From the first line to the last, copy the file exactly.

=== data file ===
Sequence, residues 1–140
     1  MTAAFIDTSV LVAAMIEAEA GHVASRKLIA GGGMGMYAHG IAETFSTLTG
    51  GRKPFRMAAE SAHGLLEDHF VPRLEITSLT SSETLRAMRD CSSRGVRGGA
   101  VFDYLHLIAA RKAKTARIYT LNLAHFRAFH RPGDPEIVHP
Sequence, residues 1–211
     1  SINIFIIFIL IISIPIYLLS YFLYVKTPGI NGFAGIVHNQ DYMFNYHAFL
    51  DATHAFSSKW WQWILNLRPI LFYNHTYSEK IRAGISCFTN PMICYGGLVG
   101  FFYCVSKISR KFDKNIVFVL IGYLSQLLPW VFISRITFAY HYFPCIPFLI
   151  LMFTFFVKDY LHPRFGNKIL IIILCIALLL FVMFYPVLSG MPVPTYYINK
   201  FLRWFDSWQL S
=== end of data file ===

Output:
Sequence, residues 1–140
     1  MTAAFIDTSV LVAAMIEAEA GHVASRKLIA GGGMGMYAHG IAETFSTLTG
    51  GRKPFRMAAE SAHGLLEDHF VPRLEITSLT SSETLRAMRD CSSRGVRGGA
   101  VFDYLHLIAA RKAKTARIYT LNLAHFRAFH RPGDPEIVHP
Sequence, residues 1–211
     1  SINIFIIFIL IISIPIYLLS YFLYVKTPGI NGFAGIVHNQ DYMFNYHAFL
    51  DATHAFSSKW WQWILNLRPI LFYNHTYSEK IRAGISCFTN PMICYGGLVG
   101  FFYCVSKISR KFDKNIVFVL IGYLSQLLPW VFISRITFAY HYFPCIPFLI
   151  LMFTFFVKDY LHPRFGNKIL IIILCIALLL FVMFYPVLSG MPVPTYYINK
   201  FLRWFDSWQL S